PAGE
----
"We are still committed to this process until we satisfy the demands of the judges," said Ngoga adding "we think it is the right thing to do because the demands are not impossible to be fulfilled."
Ngoga insisted that the issue of protection of witnesses now under his office would be transferred to the judiciary and that the law on solitary confinement was in its final stages of amendments and would be ready "very soon."
According to Ngoga when the first application was rejected there were about five obstacles raised by the court of first instance but at the Appellate Chamber they were reduced significantly.
He said the independence of the Rwandan judiciary and the question of single judge handling the trial at the court of first instance were no longer doubted by the Appeal Chamber.
On Monday ICTR, once again rejected the fourth application of Prosecutor to transfer to Rwanda genocide case against former Mayor, Jean Baptiste Gatete, on the ground that the accused might not receive fair trial.
According to the Presiding Judge Erik Mose of Norway, three reasons were given for the rejection; failure for the accused to call witnesses from outside Rwanda, defence possibility to face problems in obtaining witnesses residing in the country because of the fear to testify and that if convicted for life imprisonment he may risk solitary confinement due to unclear legal provisions in the Rwanda.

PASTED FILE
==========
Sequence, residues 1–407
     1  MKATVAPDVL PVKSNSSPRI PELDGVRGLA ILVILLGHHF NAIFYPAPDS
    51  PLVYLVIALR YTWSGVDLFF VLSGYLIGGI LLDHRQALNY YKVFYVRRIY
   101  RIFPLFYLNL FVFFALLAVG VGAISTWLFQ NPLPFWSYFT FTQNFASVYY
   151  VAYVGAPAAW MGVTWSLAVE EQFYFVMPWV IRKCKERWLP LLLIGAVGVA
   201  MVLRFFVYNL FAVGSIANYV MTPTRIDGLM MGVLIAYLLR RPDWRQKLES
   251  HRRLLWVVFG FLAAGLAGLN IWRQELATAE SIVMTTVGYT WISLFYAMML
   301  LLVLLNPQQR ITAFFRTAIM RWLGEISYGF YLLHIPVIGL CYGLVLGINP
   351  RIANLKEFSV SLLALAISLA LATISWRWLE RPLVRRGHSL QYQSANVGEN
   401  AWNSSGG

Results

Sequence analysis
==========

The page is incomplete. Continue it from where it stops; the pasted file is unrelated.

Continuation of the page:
Rwanda's Prosecutor General was optimistic that all obstacles would be able to be sorted out as the process of amending the law to comply with the ICTR demands were in its final touches.
The other applications already rejected on almost similar grounds are of former businessman- Gaspard Kanyarukiga and Yusuf Munyakazi which have also been confirmed by the Appeal Chamber and that of Lieutenant Ildenphonse Hategekimana still awaiting appeal decision.
© Hirondelle News Agency